According to W. Mitchell, we need to reckon with images not just as inert objects that convey meaning but as animated beings with desires, needs, appetites, demands, and drives of their own. Ranging across the visual arts, literature, and mass media, Mitchell applies characteristically brilliant and wry analyses to Byzantine icons and cyberpunk films, racial stereotypes and public monuments, ancient idols and modern clones, offensive images and found objects, American photography and aboriginal painting.
A work by one of our leading theorists of visual representation, it will be a touchstone for art historians, literary critics, anthropologists, and philosophers alike. Sherman, New York, October Negash, Girma. Jun , Vol. Ohear, A. Columbia Univ. Peter, Jennifer A. Stephens, John Russell. The Censorship of English Drama Theatre Censorship: From Walpole to Wilson. Woods, Michelle. New York: Continuum, It examines three forms of censorship in relation to translation: ideological censorship; gender censorship; and market censorship.
Michelle Woods uses this previously unresearched archive to explore broader questions on censorship, asking why texts are translated at a given time, who translates them, how their identity may affect the translation, and how the constituents of success in a target culture may involve elements of censorship. Worrall, David. Beaver, W. Bissonnette, Susan Travis.
- Track and Field Takedown (Jake Maddox Sports Stories);
- Juste à côté (Littérature Française) (French Edition).
- ISBN 13: 9781517068622;
Crovitz, G. Dautrich, Kenneth; Yalof, David. Deibert, Ronald and John G. Palfrey, Rafal Rohozinski, Jonathan Zittrain editors. Endeshaw, Assafa. Kolbert, Kathryn; Mettger, Zak eds. Levmore, Saul and Martha C. Nussbaum editors. Lipschultz, Jeremy. Philadelphia: Lawrence Erlbaum, MacKinnon, Rebecca. Mehta, Michael.
This paper explores how Canada and the United States of America have attempted to control of the flow of contentious material coming through the Internet. The paper focuses on the issue of controlling obscene material and provides several case-law examples to illustrate how attempts at censorship have evolved over the decades in both countries. It is concluded that censorship is a tool of the nation-state that is unlikely to significantly reduce the amount of contentious material crossing borders. Morozov, Evgeny. New York City: PublicAffairs, Nunziato, Dawn.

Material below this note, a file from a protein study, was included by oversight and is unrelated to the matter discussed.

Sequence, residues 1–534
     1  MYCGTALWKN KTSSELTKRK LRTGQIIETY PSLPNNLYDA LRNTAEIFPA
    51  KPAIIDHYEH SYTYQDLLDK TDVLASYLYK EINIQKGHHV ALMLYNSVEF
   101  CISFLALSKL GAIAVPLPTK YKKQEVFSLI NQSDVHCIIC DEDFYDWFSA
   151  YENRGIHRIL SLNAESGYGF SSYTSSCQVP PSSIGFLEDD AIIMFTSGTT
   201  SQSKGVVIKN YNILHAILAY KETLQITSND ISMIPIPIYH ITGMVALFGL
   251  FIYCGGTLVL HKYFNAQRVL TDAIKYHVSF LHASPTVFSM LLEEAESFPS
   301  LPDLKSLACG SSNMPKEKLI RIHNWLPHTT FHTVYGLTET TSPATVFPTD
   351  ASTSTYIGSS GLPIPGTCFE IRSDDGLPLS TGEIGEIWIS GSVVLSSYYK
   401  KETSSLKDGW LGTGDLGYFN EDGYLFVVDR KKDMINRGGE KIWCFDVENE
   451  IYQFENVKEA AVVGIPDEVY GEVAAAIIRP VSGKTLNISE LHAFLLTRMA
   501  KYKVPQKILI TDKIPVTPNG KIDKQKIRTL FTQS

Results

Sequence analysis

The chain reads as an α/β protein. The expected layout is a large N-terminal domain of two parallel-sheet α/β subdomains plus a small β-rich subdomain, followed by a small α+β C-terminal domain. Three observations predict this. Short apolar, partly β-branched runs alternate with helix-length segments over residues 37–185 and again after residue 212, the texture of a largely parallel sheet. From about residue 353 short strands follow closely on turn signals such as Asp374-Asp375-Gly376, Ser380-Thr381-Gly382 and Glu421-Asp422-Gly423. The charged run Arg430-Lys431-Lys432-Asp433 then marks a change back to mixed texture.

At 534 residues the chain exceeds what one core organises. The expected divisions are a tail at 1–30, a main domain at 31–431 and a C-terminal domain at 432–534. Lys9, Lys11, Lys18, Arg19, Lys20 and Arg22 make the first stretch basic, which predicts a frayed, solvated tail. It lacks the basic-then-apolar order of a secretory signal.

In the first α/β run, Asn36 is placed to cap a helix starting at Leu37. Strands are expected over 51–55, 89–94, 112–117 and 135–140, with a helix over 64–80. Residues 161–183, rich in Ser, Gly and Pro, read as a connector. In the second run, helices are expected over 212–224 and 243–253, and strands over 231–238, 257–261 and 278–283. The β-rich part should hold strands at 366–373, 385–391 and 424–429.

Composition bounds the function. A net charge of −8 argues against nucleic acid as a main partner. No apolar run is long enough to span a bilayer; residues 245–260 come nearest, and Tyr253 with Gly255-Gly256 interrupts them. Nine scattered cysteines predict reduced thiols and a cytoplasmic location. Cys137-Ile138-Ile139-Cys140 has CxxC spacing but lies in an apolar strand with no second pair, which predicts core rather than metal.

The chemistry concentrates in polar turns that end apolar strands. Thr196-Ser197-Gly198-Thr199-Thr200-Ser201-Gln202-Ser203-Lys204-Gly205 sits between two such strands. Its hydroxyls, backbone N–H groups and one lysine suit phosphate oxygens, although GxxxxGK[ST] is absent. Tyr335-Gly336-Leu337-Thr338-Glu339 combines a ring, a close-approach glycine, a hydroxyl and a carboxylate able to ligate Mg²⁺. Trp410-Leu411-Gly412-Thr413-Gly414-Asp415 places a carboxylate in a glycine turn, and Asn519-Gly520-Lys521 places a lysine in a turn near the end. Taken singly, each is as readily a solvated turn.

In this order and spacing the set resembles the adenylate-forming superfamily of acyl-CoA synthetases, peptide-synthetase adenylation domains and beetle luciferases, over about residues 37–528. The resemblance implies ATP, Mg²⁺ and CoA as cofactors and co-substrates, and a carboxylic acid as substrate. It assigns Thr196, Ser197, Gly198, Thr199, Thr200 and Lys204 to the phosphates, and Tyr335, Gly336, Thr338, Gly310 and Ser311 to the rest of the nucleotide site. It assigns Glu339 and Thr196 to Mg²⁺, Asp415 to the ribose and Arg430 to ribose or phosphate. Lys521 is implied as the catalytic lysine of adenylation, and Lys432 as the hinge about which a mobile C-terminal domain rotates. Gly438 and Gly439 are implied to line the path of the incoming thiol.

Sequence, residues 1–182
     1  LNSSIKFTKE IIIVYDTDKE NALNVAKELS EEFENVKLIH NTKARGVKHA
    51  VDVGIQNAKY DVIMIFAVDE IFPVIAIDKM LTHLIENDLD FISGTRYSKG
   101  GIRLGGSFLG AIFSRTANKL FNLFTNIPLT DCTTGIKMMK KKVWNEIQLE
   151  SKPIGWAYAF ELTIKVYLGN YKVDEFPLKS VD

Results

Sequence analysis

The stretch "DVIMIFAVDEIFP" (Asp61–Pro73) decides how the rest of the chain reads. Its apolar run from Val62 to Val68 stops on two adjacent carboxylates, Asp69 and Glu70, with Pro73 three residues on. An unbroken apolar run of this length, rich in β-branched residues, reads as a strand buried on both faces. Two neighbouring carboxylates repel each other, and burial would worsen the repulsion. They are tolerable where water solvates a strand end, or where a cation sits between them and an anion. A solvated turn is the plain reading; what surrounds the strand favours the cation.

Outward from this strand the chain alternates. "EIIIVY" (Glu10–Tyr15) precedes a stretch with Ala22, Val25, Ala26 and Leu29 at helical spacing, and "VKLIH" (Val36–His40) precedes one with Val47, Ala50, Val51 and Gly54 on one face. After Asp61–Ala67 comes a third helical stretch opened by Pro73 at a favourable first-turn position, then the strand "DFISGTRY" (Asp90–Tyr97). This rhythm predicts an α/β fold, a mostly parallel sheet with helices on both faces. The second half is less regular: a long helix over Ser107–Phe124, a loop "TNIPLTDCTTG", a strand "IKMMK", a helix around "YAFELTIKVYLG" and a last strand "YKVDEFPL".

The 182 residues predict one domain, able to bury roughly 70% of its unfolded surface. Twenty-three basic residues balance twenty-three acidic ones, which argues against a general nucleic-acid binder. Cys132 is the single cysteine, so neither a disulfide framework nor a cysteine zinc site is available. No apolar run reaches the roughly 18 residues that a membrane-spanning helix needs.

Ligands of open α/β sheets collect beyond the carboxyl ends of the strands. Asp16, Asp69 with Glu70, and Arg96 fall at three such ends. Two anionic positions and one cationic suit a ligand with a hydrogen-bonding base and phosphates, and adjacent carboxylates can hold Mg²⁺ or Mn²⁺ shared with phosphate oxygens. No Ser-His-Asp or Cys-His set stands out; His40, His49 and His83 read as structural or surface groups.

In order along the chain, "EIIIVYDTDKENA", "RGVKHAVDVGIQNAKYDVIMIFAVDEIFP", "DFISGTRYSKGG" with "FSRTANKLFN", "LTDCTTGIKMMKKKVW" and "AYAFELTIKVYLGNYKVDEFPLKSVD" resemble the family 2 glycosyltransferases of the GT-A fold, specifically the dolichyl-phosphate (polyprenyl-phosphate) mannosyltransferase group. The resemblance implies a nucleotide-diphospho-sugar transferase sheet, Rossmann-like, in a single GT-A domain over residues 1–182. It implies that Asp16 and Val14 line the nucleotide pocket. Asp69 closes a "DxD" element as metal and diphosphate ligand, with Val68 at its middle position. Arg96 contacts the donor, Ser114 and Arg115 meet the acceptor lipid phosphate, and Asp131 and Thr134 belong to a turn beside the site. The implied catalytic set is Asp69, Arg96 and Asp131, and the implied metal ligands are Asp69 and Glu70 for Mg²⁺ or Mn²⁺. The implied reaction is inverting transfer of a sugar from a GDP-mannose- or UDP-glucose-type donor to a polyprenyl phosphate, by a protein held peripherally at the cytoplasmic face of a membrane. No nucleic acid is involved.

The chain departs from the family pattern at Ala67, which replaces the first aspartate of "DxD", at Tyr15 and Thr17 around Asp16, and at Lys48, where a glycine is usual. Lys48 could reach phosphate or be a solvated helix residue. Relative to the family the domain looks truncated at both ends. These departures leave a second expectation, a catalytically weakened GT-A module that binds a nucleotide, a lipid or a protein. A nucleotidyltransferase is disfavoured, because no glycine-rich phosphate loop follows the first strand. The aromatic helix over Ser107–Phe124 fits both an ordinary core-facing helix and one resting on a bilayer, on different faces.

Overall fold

Palo Alto: Stanford Law Books, Ringmar, Erik. London: Anthem Press, Rogers, Jacob. Who rules the net? Washington, D. Wallach, Alan. Exhibiting contradiction: essays on the art museum in the United States. In Exhibiting Contradiction, a leading scholar considers the way art museums have depicted—and continue to depict—American society and the American past.
In closely focused and often controversial essays, Alan Wallach explores the opposing ideologies that drove the development of the American art museum in the nineteenth century and the tensions and contradictions characteristic of recent museum history. Warf, Barney. Williams, Kara D. Public Schools vs. Downes, Sophie. The New York Times, 10 Sept. Friedersdorf, Conor. Atlantic Media Company, 04 Mar. Hanlon, Aaron. The New York Times, 16 Feb. Baase, Sara. A Gift of Fire. New Jersey: Pearson Education, Barber, D. Pornography and Society.
London: Charles Skilton, Watts, New York, Boyce, Bret. Bristow, Edward J. Coulton, G. Gloucester, MA, De Negroni, Barbara. Lectures Interdites. Paris: Bibliotheque Albin Michel, Fiss, Owen. Irony of free speech. Cambridge, Ma. Freedman, Fragnito, Gigliola. Hare, Ivan.